“The beauty of the show was it wasn’t 30 seconds of each game,” Berman remembered. ” … I already saw that. In a four-point game, in the mud, third and 3, with 1:40 to go, here’s the tough 4-yard run that got the first down and essentially won the game. Here’s the sideline-to-sideline tackle made by Junior Seau or Lawrence Taylor. In those days, you didn’t see those because it was just a really good tackle, it wasn’t a scoring play. We had 5-6 minutes on each game. If you lived in New York, you didn’t see any of this. … It was an empty pool and we jumped head-first into it.”

For all of his jokes, Berman’s legacy is his underlying work ethic.

Berman, a Jewish kid who found his way to the fledgling television network back in 1979, would become the epicenter of a cultural movement eight years later. Until the birth of NFL Primetime, must-see programming was reserved for sitcoms, the six o’clock news and live sporting events. For a legion of reasons, none larger than Berman’s persona, that soon changed.

While viewers saw the character with nicknames aplenty, the show’s success was built on hours of preparation put in by Berman, Jackson and the crew. Without a script and on live television, we saw the true brilliance of this pairing, helped by a non-existent safety net. Most would loathe being in this position even once. Berman was there hundreds of times, with the outcome seeming effortless.

“Chris would do the pregame with all the guys and that would end at one,” said Bill Pidto, a co-host of the show in 1995-96. “I would come in at one o’clock and we had a room where every single game was on and you’re just reacting to everything happening in all the games. At four the early games end and you have a sense of what is going on, but the challenge was the late games end while you’re on air, so you might have a real good feel for the early games but the late games are ending 7:15 or 7:30 and you’re winging the whole thing. That’s the beauty. That’s Chris Berman’s genius. He was making it seem like he saw the whole thing.”

Throughout the show’s run, Berman became notorious for tardiness. It was a routine, watching the highlights and getting the latest information before plopping down on set.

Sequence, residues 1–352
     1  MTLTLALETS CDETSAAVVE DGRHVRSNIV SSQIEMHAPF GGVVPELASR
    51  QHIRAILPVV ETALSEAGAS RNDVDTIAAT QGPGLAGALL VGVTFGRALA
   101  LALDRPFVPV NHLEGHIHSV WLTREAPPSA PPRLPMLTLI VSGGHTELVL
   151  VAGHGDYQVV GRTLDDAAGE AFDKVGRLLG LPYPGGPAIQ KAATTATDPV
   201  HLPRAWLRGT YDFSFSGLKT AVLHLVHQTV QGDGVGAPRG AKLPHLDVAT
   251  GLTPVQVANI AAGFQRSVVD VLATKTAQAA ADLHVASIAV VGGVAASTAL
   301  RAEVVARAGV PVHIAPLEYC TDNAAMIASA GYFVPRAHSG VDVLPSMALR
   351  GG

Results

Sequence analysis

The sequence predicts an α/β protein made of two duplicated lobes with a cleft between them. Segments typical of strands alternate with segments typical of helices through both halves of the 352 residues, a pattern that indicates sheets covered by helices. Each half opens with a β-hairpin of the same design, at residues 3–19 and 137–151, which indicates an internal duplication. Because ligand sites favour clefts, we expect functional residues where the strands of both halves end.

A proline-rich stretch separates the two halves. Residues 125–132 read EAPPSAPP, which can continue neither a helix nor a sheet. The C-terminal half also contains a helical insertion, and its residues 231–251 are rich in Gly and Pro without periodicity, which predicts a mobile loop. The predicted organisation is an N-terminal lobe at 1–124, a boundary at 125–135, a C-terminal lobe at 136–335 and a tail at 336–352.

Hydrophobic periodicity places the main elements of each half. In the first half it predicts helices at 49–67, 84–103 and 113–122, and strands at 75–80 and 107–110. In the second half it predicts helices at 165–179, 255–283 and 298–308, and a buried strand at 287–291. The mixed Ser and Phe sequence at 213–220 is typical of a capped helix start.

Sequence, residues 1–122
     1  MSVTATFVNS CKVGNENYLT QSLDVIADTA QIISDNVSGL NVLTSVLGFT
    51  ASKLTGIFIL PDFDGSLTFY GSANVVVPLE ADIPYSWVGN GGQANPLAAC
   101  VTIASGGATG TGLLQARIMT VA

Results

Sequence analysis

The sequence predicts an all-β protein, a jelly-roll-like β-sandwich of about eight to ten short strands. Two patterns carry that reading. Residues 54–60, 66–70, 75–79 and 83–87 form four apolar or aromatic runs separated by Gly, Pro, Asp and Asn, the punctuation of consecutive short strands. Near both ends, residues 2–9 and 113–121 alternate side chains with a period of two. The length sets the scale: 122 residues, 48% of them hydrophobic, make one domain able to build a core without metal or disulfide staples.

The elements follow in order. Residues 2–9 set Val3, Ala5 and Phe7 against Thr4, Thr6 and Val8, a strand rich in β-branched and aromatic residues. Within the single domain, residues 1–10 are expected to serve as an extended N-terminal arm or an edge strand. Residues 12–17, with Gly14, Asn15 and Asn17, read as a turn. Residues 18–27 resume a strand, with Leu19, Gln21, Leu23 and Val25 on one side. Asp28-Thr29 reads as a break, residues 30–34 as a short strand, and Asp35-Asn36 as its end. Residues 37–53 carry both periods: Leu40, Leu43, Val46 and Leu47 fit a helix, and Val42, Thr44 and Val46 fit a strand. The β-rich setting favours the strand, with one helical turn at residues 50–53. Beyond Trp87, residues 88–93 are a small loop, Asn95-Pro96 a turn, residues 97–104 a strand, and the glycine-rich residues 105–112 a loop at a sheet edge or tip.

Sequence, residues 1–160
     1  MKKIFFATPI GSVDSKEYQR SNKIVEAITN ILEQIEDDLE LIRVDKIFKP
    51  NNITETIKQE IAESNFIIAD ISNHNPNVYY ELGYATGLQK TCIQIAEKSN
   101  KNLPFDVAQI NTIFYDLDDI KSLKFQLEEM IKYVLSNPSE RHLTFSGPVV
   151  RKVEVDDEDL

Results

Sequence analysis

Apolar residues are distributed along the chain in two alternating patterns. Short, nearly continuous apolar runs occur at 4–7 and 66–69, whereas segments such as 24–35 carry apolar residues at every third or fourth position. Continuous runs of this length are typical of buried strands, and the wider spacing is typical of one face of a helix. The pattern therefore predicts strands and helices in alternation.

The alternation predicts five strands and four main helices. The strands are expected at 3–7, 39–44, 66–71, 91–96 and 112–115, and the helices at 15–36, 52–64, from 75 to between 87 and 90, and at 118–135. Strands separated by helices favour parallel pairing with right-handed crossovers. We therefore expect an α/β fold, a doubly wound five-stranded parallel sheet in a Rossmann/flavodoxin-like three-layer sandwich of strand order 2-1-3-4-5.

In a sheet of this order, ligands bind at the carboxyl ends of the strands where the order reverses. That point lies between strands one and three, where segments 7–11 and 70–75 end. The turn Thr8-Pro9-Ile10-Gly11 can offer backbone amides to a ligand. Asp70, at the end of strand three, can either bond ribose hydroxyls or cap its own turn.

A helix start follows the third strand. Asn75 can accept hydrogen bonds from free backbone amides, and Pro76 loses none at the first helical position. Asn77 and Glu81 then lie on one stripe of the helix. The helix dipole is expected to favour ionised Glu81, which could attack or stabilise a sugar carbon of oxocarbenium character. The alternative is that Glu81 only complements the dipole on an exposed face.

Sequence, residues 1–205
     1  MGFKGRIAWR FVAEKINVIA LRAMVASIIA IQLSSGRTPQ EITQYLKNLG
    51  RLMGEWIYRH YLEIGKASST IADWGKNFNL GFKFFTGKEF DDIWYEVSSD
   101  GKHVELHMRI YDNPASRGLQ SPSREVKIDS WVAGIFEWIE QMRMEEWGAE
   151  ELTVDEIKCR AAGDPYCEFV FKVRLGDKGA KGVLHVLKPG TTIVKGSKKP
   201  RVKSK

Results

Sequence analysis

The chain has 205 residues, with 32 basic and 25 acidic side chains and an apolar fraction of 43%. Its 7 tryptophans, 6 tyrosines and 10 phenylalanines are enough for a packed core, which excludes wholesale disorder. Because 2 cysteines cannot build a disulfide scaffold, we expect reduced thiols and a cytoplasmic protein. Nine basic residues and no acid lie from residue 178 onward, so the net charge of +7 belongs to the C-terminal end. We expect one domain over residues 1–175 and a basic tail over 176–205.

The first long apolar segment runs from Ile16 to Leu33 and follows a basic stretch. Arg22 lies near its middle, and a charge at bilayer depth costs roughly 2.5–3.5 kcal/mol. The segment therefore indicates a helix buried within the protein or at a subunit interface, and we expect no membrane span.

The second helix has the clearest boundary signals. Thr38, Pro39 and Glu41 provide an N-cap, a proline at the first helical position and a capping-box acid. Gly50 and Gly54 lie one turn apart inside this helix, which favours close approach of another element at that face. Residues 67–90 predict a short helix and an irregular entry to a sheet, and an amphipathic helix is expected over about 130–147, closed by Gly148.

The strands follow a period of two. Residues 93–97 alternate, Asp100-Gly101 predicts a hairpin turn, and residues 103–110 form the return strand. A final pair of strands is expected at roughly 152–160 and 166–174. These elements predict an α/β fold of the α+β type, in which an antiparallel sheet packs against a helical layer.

“The theme song would play and I’d be running into the studio sometimes,” Berman said. “Sometimes I didn’t have the mic on and I had to hold it against my tie.”

In many respects, Primetime was a studio show mimicking the production of a live game. In this vein, the cohesiveness of Berman, Jackson and the production crew had to be flawless. It wasn’t always the case.

“Jeff Winn was our first director,” Berman said. “The producer and director are usually together and the producer and talent are together. But this is like a live game, and the director and the host have to be on the same page. I used to jokingly say let’s not let the puck get past us. So one show, we were running a bunch of things and Jeff would come into my ear and go ‘I think they got one by us.’ Then there were other times when I’d hit the mute button and say ‘they hit the post twice but it didn’t go in.'”

The program was a breeding ground for not only new fans, but television personalities. Pidto was one of many to get their big break on Primetime. He was preceded by John Saunders and Robin Roberts, and succeeded by Stuart Scott. Both Pidto and Scott notoriously got stuck with the worst games of the week, something Primetime made into an inside joke for viewers.

“It was an amazing experience,” Pidto said. “The show starts and the music begins and you feel like you’re in the biggest place in the world at that time. For what we did that was the biggest stage in the world at that time.”

For Berman, sticking the newbie with a Buccaneers-Bengals game was a way to have a chuckle. In most broadcasting circles, the notion of laughing at a team or player is taboo. On Primetime, it was commonplace. It furthered the connection. Here was a man who graduated from Brown University, yet brought the conversational qualities of a friend at the bar.

“We were never personal, but if a team got beat 30-10 and shouldn’t have, what were they doing?” Berman said. “It wasn’t he stinks, they’ll never be any good, it was never to that degree. Today, that gets said and not backed up a bunch of times. We weren’t out to say somebody was horrible, but when the Bucs would lose again, we actually had fun when they won. That was a way to say ‘Look at this, the Bucs and the Creamsicles.’ We were just being honest, and a lot of it was because it wasn’t rehearsed.”

After years of highlights being read with the excitement of a DMV employee, Berman’s sayings and nicknames became instant hits. Although the show has been off-air for more than a decade, most viewers can note a half-dozen of their favorite nicknames.

“They just came,” Berman said. “You don’t think ‘I’ll be famous if I call Eric “Sleeping With” Bieniemy or Andre ‘Bad Moon’ Rison.’ A lot of them were under highlights which you can sing, like Steve “I got you babe” Bono. I had done them with baseball throughout the ’80s, so football was like fertile ground. They just appeared in my head sometimes. I didn’t look at rosters and try to make nicknames. Then you’re forcing it. It’s just like Primetime itself. It just worked.”

Andre Rison has the nickname tattooed on his right bicep.

Tom Jackson has a long resume. He played 14 seasons with the Denver Broncos, making three Pro Bowl and three All-Pro teams. He played in two Super Bowls, including Super Bowl XXI in January 1987, his final contest. That was almost the end of his story in the public eye.